The Metropolitan Museum of Art’s Costume Institute always manages to transport the viewer to another time with its grandiose and other-worldly exhibits. The second installment to last year’s exhibition, In America: A Lexicon of Fashion, (which runs till September 5, 2022) is this year’s In America: An Anthology of Fashion, which will open to the public May 7 (and will also close Sept. 5). Both exhibits, curated by Andrew Bolton, were created in partnership with The Met’s American Wing.
Charting American sartorial evolution since the 18th century, period rooms dedicated to specific themes tell the story of over 200 years of fashion history, “from the personal to the political, the stylistic to the cultural, and the aesthetic to the ideological,” The Met explained.
There’s an American-made coat worn by President George Washington (which he may have worn to his inauguration), and what’s left of President Abraham Lincoln’s Brooks Brothers jacket that he was wearing when he was assassinated. (Following his untimely death, there was a period of time mourners were allowed to cut off scraps of material as keepsakes.)
Another Brooks Brothers coat is included as well, which was part of the uniform of an enslaved man. A striped ball gown designed by Elizabeth Hobbs Keckley for Mary Todd Lincoln is also showcased. (Actress Sarah Jessica Parker and designer Christopher John Rogers teamed up to pay homage to the trailblazing African-American designer through Parker’s Met Gala look.)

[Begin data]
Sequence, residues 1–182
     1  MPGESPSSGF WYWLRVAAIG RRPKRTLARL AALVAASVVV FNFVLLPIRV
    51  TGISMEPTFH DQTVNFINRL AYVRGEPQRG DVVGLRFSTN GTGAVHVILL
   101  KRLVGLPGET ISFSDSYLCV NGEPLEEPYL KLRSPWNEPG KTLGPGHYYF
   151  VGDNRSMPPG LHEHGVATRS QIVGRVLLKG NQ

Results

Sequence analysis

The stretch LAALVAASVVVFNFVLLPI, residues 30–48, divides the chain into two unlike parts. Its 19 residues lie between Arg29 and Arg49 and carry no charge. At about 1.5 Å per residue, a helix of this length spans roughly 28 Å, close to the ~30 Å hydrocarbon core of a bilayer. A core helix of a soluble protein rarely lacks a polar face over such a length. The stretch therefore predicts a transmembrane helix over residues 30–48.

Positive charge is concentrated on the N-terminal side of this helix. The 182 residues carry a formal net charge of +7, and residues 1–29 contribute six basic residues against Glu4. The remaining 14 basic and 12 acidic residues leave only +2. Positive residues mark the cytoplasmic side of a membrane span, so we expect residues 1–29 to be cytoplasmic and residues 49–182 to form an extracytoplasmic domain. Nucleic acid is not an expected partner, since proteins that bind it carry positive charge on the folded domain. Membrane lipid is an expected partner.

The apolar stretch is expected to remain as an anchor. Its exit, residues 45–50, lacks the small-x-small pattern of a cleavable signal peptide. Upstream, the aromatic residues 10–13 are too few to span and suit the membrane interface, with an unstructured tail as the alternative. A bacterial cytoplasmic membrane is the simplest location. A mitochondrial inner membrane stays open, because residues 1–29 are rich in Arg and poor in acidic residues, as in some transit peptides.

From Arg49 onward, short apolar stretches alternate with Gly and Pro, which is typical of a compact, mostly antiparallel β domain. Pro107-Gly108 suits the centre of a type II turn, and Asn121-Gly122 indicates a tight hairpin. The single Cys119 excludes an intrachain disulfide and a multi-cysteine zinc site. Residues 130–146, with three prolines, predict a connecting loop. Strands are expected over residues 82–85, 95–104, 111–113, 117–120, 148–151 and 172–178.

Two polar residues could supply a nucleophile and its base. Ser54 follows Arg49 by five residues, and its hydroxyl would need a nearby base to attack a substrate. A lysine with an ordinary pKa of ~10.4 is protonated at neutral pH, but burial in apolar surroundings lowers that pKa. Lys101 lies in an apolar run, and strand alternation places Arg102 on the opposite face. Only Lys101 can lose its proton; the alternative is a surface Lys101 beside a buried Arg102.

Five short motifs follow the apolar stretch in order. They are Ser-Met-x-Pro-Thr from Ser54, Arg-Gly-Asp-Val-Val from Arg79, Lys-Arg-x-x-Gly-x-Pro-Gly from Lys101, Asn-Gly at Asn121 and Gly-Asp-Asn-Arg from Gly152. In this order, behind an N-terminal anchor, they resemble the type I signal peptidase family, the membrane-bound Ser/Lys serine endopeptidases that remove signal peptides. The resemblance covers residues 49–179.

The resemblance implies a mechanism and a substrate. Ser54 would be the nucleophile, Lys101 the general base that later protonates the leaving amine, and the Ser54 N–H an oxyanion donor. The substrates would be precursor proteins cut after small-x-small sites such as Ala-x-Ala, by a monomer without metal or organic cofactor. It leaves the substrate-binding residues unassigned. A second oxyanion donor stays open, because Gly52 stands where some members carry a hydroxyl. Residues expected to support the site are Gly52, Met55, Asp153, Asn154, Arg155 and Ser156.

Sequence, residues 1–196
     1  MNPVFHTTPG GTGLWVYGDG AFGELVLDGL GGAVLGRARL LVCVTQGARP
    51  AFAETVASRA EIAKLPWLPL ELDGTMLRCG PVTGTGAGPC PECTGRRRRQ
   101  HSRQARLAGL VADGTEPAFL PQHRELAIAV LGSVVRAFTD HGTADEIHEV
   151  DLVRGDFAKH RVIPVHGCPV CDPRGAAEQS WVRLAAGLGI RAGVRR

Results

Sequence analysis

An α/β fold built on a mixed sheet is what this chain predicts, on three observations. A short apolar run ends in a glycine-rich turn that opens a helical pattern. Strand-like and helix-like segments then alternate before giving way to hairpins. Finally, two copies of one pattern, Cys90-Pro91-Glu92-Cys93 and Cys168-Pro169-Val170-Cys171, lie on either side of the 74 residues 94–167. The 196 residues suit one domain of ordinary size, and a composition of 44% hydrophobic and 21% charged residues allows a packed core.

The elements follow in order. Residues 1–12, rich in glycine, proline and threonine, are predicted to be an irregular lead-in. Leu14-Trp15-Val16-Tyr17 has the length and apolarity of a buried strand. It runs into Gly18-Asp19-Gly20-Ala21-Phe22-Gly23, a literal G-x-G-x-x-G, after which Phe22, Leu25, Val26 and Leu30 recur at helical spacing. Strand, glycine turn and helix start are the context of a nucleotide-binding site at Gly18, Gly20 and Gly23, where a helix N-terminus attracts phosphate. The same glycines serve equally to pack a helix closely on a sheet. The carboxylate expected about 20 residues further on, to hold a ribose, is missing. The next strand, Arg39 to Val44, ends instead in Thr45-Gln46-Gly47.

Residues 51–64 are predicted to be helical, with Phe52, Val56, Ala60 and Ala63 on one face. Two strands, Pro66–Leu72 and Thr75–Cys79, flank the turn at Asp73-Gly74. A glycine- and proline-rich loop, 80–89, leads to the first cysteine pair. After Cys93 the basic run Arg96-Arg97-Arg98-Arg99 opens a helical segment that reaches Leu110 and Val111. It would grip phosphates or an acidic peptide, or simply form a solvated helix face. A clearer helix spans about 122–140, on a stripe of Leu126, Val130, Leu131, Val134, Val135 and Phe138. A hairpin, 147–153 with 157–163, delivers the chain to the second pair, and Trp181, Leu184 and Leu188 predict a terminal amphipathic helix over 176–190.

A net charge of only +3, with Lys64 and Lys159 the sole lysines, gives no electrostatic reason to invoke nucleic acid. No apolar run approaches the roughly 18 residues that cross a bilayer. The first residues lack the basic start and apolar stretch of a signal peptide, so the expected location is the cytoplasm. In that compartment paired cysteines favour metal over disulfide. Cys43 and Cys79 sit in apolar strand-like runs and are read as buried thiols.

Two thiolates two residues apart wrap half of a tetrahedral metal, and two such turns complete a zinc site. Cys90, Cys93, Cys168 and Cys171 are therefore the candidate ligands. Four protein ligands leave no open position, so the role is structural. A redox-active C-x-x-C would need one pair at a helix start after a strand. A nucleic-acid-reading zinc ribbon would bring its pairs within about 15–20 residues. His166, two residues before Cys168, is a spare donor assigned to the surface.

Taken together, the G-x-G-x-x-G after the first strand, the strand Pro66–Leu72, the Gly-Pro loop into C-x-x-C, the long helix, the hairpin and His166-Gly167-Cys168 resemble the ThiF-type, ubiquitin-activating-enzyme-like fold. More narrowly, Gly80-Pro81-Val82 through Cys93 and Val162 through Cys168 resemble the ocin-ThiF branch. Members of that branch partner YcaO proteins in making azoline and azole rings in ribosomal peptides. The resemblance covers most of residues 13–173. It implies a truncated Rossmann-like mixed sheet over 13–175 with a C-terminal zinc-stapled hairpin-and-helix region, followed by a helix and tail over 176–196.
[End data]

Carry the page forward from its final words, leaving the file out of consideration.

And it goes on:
Distinguished American film directors have collaborated with the Costume Institute to produce three-dimensional cinematic “freeze frames” to further illustrate the chronology intended, from Tom Ford, Martin Scorsese, Chloé Zhao, Regina King, Sofia Coppola, Radha Blank, Janicza Bravo, and more.
Creating a dialogue between American pioneering designers and their foreign counterparts, a creator of American sportswear Claire McCardell and the equally formidable French designer Madeleine Vionnet will be shown in the same installation.
In a room specifically designed by Tom Ford, the exhibition pays homage to the triumphant performance by American designers in 1973’s Battle of Versailles. Spearheaded by legendary fashion publicist Eleanor Lambert to help restore the historic landmark of Versailles, the “battle” featured the top five designers from France and America.
With attendees like Princess Grace of Monaco, the famed runway show featured designs from French designers Yves Saint Laurent, Hubert de Givenchy, Pierre Cardin, Emanuel Ungaro, and Christian Dior’s Creative director at the time, Marc Bohan. American designers included Halston, Oscar de la Renta, Stephen Burrows, Bill Blass, and Anne Klein (with her assistant at the time, Donna Karan).
Zeroing in on the pioneering and unsung heroes of American fashion from the last 200 years, we can’t wait to feast our eyes on the impressive fashions defining several eras of American history.